Role in embryology
Retinoic acid via the retinoic acid receptor influences the process of cell differentiation, hence, the growth and development of embryos. During development there is a concentration gradient of retinoic acid along the anterior-posterior (head-tail) axis. Cells in the embryo respond differently to retinoic acid depending on the amount present. For example, in vertebrates the hindbrain transiently forms eight rhombomers and each rhombomere has a specific pattern of genes being expressed. If retinoic acid is not present the last four rhombomeres do not develop. Instead rhombomeres 1-4 grow to cover the same amount of space as all eight would normally occupy. Retinoic acid has its effects by turning on a differential pattern of Hox genes which encode different homeodomain transcription factors which in turn can turn on cell type specific genes. Deletion of the Hox-1 gene from rhombomere 4 makes the neurons growing in that region behave like neurons from rhombomere 2. The retina is also patterned by retinoic acid, with a concentration gradient that is high on the ventral side of the retina and low on the dorsal side.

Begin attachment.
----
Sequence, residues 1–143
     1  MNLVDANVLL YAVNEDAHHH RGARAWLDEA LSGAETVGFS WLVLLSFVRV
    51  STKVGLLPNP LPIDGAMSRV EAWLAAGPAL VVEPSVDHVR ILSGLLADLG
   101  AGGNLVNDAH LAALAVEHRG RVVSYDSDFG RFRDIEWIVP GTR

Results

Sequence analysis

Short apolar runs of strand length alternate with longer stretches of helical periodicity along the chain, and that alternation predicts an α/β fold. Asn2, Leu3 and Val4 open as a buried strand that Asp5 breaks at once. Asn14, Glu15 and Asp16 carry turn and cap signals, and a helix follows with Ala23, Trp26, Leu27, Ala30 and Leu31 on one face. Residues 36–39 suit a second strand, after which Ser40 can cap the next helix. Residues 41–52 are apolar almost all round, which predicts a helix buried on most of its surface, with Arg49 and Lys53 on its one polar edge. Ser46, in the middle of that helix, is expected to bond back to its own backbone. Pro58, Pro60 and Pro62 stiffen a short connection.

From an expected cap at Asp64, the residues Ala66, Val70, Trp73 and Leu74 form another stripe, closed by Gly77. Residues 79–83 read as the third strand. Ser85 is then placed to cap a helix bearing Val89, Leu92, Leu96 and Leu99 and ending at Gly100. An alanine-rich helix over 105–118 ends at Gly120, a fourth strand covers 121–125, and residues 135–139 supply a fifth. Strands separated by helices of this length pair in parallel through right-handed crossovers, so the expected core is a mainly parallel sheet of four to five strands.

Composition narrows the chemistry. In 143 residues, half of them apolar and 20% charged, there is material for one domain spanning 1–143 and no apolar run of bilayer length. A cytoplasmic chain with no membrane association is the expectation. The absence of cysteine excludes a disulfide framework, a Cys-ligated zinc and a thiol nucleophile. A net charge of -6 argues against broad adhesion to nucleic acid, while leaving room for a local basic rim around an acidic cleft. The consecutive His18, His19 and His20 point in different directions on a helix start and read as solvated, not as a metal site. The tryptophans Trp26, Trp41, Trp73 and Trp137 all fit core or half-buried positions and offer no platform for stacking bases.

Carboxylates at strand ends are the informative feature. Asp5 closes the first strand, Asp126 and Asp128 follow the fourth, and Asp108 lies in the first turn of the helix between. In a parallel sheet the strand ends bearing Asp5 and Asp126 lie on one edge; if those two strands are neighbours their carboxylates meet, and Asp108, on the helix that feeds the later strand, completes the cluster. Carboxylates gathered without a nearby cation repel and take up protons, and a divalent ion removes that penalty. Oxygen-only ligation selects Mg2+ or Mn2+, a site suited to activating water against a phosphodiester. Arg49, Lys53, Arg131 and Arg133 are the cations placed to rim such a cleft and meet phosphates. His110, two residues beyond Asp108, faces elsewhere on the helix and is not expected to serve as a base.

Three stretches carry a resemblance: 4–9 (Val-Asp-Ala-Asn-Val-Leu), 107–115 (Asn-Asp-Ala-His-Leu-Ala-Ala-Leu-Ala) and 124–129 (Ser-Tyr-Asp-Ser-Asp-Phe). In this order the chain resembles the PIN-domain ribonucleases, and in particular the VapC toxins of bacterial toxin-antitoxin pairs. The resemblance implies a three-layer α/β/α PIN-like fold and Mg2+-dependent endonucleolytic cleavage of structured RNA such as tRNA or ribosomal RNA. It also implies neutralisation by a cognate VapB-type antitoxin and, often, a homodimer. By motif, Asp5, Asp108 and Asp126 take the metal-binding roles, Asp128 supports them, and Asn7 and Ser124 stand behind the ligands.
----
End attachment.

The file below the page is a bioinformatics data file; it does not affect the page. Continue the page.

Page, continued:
Vitamin A is required in the production of rhodopsin, the visual pigment used in low light levels. This is why eating foods rich in vitamin A is said to allow an individual to see in the dark.
Vitamin A is essential for the correct functioning of epithelial cells. In Vitamin A deficiency, mucus-secreting cells are replaced by keratin producing cells, leading to xerosis.
Glycoprotein synthesis requires adequate Vitamin A status. In severe Vitamin A deficiency, lack of glycoproteins may lead to corneal ulcers or liquefaction.
Vitamin A is essential to maintain intact epithelial tissues as a physical barrier to infection; it is also involved in maintaining a number of immune cell types from both the innate and acquired immune systems. These include the lymphocytes (B-cells, T-cells, and natural killer cells), as well as many myelocytes (neutrophils, macrophages, and myeloid dendritic cells).
Formation of red blood cells (Haematopoiesis)
Vitamin A may be needed for normal haematopoiesis; deficiency causes abnormalities in iron metabolism.
Vitamin A affects the production of human growth hormone.
All retinoid forms of vitamin A are used in cosmetic and medical applications applied to the skin. Retinoic acid, termed Tretinoin in clinical usage, is used in the treatment of acne and keratosis pilaris in a topical cream. An isomer of tretinoin, isotretinoin is also used orally (under the trade names Accutane and Roaccutane), generally for severe or recalcitrant acne.
In cosmetics, vitamin A derivatives are used as anti-aging chemicals- vitamin A is absorbed through the skin and increases the rate of skin turnover, and gives an increase in collagen giving a more youthful appearance